Peter Korošec, Bernhard F. Gibbs, Matija Rijavec, Adnan Custovic, Paul J. Turner, 2018

Abstract: IgE-mediated allergic reactions involve the activation of effector cells, predominantly through the high-affinity IgE receptor (FceRI) on mast cells and basophils. Although the mast cell is considered the major effector cell during acute allergic reactions, more recent studies indicate a potentially important and specific role for basophils and their migration which occurs rapidly upon allergen challenge in humans undergoing anaphylaxis. We review the evidence for a role of basophils in contributing to clinical symptoms of anaphylaxis, and discuss the possibility that basophil trafficking during anaphylaxis might be a pathogenic (to target organs) or protective (preventing degranulation in circulation) response. Finally, we examine the potential role of basophils in asthma exacerbations. Understanding the factors that regulate basophil trafficking and activation might lead to new diagnostic and therapeutic strategies in anaphylaxis and asthma.
Keywords: allergy and immunology, basophils, anaphylaxis
DiRROS - Published: 14.12.2020; Views: 98; Downloads: 47
URL Fulltext (0,00 KB)

8.
Advance care planning in patients with advanced cancer : a 6-country, cluster-randomised clinical trial
Ida Joanna Korfage, Giulia Carreras, Caroline M. Arnfeldt Christiansen, Pascalle Billekens, Louise Bramley, Linda Briggs, Francesco Bulli, Glenys Caswell, Branka Červ, Johannes JM van Delden, Hana Kodba Čeh, Urška Lunder, Alenka Mimič, Polona Ozbič, Anja Simonič, 2020

Abstract: Background. Advance care planning (ACP) supports individuals to define, discuss, and record goals and preferences for future medical treatment and care. Despite being internationally recommended, randomised clinical trials of ACP in patients with advanced cancer are scarce. Methods and findings. To test the implementation of ACP in patients with advanced cancer, we conducted a cluster-randomised trial in 23 hospitals across Belgium, Denmark, Italy, Netherlands, Slovenia, and United Kingdom in 2015–2018. Patients with advanced lung (stage III/IV) or colorectal (stage IV) cancer, WHO performance status 0–3, and at least 3 months life expectancy were eligible. The ACTION Respecting Choices ACP intervention as offered to patients in the intervention arm included scripted ACP conversations between patients, family members, and certified facilitators; standardised leaflets; and standardised advance directives. Control patients received care as usual. Main outcome measures were quality of life (operationalised as European Organisation for Research and Treatment of Cancer [EORTC] emotional functioning) and symptoms. Secondary outcomes were coping, patient satisfaction, shared decision-making, patient involvement in decision-making, inclusion of advance directives (ADs) in hospital files, and use of hospital care. In all, 1,117 patients were included (442 intervention; 675 control), and 809 (72%) completed the 12-week questionnaire. Patients’ age ranged from 18 to 91 years, with a mean of 66; 39% were female. The mean number of ACP conversations per patient was 1.3. Fidelity was 86%. Sixteen percent of patients found ACP conversations distressing. Mean change in patients’ quality of life did not differ between intervention and control groups (T-score −1.8 versus −0.8, p = 0.59), nor did changes in symptoms, coping, patient satisfaction, and shared decision-making. Specialist palliative care (37% versus 27%, p = 0.002) and AD inclusion in hospital files (10% versus 3%, p < 0.001) were more likely in the intervention group. A key limitation of the study is that recruitment rates were lower in intervention than in control hospitals. Conclusions. Our results show that quality of life effects were not different between patients who had ACP conversations and those who received usual care. The increased use of specialist palliative care and AD inclusion in hospital files of intervention patients is meaningful and requires further study. Our findings suggest that alternative approaches to support patient-centred end-of-life care in this population are needed.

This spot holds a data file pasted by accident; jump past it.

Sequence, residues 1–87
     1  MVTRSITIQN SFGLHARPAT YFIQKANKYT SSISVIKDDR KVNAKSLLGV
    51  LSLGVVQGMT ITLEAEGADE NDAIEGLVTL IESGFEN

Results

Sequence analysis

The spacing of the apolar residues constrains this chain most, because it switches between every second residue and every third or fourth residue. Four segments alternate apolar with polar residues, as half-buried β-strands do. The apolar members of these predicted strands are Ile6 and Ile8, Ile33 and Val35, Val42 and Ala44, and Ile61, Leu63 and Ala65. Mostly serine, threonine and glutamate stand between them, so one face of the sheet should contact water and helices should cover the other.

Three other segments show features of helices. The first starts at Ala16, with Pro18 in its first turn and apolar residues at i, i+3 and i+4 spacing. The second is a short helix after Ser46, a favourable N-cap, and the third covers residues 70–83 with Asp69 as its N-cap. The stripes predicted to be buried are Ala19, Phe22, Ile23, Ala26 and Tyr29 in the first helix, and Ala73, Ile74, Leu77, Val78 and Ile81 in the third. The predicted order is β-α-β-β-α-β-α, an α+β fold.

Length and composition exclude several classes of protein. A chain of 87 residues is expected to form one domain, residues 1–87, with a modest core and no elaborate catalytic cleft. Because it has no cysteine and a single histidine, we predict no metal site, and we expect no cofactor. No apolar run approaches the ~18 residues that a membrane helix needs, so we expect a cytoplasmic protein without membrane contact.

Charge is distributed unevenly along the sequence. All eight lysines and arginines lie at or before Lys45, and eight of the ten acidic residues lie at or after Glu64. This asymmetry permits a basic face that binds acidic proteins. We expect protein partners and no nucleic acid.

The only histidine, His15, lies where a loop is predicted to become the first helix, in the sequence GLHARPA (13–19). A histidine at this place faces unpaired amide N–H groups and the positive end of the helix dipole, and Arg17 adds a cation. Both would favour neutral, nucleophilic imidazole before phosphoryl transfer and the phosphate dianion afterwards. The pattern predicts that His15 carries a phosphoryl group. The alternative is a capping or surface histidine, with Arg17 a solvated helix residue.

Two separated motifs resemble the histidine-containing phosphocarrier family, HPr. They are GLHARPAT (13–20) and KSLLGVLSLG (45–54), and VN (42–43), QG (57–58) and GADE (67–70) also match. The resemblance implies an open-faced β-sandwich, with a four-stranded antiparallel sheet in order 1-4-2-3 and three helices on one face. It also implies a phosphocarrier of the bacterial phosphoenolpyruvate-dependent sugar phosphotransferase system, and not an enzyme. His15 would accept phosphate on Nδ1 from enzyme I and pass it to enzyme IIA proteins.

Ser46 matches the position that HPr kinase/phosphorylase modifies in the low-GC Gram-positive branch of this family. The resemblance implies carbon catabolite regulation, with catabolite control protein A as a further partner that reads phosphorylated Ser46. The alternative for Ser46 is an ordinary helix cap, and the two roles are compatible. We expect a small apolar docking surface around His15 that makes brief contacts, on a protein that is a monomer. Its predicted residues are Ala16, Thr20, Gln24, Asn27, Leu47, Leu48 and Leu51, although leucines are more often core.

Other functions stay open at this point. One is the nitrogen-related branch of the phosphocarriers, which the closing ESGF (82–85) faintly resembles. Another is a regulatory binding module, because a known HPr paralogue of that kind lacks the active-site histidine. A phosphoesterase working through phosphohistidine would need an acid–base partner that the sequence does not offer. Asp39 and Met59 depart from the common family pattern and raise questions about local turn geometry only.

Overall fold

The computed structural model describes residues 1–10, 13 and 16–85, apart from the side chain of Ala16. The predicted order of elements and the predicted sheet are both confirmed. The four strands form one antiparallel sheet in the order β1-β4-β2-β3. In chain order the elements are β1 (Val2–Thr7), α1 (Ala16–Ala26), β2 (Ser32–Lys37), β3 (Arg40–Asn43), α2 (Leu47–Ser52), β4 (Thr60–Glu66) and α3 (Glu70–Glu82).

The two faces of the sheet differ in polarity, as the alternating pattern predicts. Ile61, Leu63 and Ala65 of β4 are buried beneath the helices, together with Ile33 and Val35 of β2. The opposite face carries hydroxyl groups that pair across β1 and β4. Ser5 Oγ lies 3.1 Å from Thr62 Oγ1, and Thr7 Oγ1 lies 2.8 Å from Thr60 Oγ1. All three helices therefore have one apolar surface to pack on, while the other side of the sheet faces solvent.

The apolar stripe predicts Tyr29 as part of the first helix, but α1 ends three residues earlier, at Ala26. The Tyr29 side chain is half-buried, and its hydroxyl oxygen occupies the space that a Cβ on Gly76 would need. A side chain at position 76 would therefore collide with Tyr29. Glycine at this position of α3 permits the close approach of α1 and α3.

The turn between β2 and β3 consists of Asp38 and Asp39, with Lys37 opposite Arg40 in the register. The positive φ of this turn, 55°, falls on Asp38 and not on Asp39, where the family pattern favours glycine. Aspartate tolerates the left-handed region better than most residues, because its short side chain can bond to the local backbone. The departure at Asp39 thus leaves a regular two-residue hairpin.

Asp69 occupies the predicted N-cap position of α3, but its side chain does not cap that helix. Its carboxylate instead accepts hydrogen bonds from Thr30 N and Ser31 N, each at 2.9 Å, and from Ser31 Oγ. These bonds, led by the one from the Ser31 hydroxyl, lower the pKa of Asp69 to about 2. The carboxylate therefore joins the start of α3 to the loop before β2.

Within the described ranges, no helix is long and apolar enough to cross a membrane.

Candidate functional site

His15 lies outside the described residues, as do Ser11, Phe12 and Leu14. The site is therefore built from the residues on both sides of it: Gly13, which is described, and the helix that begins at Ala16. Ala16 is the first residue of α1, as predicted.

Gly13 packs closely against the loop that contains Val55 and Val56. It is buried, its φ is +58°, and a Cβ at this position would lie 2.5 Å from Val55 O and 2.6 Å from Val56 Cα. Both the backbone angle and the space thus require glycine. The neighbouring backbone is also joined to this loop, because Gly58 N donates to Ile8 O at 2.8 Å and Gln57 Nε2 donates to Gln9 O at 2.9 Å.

Keywords: advanced care planning, medical treatment, advanced cancer, palliative care